In January 2017, the FASB issued ASU 2017-04, Intangibles-Goodwill and Other (Topic 350): Simplifying the Test for Goodwill Impairment. The guidance in this update eliminates the Step 2 from the goodwill impairment test. For public companies, this update will be effective for interim and annual periods beginning after December 15, 2019, with early adoption permitted for interim and annual goodwill impairment test with a measurement date after January 1, 2017. The Corporation does not expect the guidance to have a material impact on the consolidated financial statements.

  

8

 

 

 

NOTE 3 - SECURITIES

 

The amortized cost and fair value of available-for-sale securities as of March 31, 2019 and December 31, 2018 are as follows:

 

   

(in thousands)

 
   

March 31, 2019

   

December 31, 2018

 
   

Amortized cost

   

Fair value

   

Amortized cost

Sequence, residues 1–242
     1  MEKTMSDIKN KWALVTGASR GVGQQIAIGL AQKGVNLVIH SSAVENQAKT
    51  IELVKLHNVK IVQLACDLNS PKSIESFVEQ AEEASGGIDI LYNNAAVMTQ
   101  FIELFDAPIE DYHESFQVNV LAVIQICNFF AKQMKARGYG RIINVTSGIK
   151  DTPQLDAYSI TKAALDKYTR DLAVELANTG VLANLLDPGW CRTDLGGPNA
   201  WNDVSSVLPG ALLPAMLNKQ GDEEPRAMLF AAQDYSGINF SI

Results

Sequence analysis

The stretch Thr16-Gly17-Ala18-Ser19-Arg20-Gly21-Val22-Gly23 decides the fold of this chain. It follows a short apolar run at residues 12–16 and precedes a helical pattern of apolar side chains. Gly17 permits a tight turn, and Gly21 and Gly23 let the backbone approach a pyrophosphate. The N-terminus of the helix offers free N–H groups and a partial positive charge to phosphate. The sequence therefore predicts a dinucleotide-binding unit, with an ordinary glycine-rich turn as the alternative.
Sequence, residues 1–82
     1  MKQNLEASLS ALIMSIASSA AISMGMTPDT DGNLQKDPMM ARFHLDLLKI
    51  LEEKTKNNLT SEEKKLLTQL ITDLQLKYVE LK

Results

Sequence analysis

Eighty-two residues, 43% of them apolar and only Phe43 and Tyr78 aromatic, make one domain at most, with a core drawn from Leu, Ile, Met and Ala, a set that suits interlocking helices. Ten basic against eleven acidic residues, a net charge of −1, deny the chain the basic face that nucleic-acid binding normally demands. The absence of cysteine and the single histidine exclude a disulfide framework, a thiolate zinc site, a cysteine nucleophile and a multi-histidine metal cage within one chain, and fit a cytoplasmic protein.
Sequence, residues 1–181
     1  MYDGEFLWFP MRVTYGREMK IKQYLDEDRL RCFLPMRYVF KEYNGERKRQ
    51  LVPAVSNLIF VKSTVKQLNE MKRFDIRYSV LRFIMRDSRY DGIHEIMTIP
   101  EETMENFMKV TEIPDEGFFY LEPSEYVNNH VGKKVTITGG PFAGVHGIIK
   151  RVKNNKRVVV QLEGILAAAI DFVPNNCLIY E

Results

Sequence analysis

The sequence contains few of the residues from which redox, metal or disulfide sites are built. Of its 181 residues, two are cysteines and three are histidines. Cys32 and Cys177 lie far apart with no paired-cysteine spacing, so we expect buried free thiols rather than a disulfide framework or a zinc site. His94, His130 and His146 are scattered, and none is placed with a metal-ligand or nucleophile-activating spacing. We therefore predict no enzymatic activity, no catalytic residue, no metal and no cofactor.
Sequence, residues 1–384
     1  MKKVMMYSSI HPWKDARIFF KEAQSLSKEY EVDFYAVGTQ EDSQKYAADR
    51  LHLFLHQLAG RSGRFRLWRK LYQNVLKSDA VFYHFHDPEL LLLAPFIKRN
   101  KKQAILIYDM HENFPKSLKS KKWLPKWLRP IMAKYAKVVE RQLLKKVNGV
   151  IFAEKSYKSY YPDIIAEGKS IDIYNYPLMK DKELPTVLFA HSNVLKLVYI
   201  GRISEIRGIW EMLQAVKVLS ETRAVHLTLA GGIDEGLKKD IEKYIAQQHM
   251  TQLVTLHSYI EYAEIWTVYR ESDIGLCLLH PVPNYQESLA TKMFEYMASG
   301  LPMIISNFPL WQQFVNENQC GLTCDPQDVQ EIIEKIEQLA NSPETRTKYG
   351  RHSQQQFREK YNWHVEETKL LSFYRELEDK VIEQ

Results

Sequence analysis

Fair value

 

Available-for-sale:

                               

Obligations of states and political subdivisions

  $ 62,866     $ 63,917     $ 59,585     $ 59,466  

Mortgage-backed

    105,310       104,604       109,000       106,924  

Other

    1,002       976       1,002       964  
                                 

Total

  $ 169,178     $ 169,497     $ 169,587     $ 167,354  

  

A summary of gross unrealized gains and losses on available-for-sale securities as of March 31, 2019 and December 31, 2018 follows: 

 

   

(in thousands)

 
   

March 31, 2019

   

December 31, 2018

 
   

Gross unrealized gains

   

Gross unrealized losses

   

Gross unrealized gains

   

Gross unrealized losses

 

Available-for-sale:

                               

Obligations of states and political subdivisions

  $ 1,155     $ 104     $ 354     $ 473  

Mortgage-backed

    342       1,048       162       2,238  

Other

    -       26       -       38  
                                 

Total

  $ 1,497     $ 1,178     $ 516     $ 2,749  

  

9

 

  

 

NOTE 4 – LOANS AND LEASES

 

The following tables present the activity in the allowance for loan and lease losses by portfolio segment for the three month periods ended March 31, 2019 and 2018:

 

   

(in thousands)

 
   

Commercial

   

Commercial and agricultural real estate

   

Residential 1 – 4 family real estate

   

Consumer

   

Total

 

Balance at December 31, 2018

  $ 534     $ 2,355     $ 576     $ 62     $ 3,527